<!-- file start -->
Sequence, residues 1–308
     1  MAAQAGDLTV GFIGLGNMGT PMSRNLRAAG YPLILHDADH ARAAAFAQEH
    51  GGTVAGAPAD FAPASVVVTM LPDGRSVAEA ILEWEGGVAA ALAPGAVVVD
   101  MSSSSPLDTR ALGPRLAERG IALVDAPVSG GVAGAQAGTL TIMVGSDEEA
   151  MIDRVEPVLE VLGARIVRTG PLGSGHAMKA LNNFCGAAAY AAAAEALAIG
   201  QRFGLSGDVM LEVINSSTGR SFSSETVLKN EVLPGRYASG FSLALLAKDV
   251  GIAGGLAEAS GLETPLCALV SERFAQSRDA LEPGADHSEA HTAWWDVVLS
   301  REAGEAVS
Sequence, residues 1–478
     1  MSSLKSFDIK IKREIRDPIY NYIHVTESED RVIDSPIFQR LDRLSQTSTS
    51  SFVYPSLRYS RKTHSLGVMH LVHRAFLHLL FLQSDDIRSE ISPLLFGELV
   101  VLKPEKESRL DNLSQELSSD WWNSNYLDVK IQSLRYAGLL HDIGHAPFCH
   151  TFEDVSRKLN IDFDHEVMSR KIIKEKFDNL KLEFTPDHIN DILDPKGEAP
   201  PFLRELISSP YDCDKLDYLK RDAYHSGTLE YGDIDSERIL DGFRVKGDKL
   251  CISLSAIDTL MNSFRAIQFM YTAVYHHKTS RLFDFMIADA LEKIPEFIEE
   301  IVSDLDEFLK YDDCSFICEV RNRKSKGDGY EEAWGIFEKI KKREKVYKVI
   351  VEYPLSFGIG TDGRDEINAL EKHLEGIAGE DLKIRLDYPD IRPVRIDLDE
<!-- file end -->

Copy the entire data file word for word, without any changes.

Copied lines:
Sequence, residues 1–308
     1  MAAQAGDLTV GFIGLGNMGT PMSRNLRAAG YPLILHDADH ARAAAFAQEH
    51  GGTVAGAPAD FAPASVVVTM LPDGRSVAEA ILEWEGGVAA ALAPGAVVVD
   101  MSSSSPLDTR ALGPRLAERG IALVDAPVSG GVAGAQAGTL TIMVGSDEEA
   151  MIDRVEPVLE VLGARIVRTG PLGSGHAMKA LNNFCGAAAY AAAAEALAIG
   201  QRFGLSGDVM LEVINSSTGR SFSSETVLKN EVLPGRYASG FSLALLAKDV
   251  GIAGGLAEAS GLETPLCALV SERFAQSRDA LEPGADHSEA HTAWWDVVLS
   301  REAGEAVS
Sequence, residues 1–478
     1  MSSLKSFDIK IKREIRDPIY NYIHVTESED RVIDSPIFQR LDRLSQTSTS
    51  SFVYPSLRYS RKTHSLGVMH LVHRAFLHLL FLQSDDIRSE ISPLLFGELV
   101  VLKPEKESRL DNLSQELSSD WWNSNYLDVK IQSLRYAGLL HDIGHAPFCH
   151  TFEDVSRKLN IDFDHEVMSR KIIKEKFDNL KLEFTPDHIN DILDPKGEAP
   201  PFLRELISSP YDCDKLDYLK RDAYHSGTLE YGDIDSERIL DGFRVKGDKL
   251  CISLSAIDTL MNSFRAIQFM YTAVYHHKTS RLFDFMIADA LEKIPEFIEE
   301  IVSDLDEFLK YDDCSFICEV RNRKSKGDGY EEAWGIFEKI KKREKVYKVI
   351  VEYPLSFGIG TDGRDEINAL EKHLEGIAGE DLKIRLDYPD IRPVRIDLDE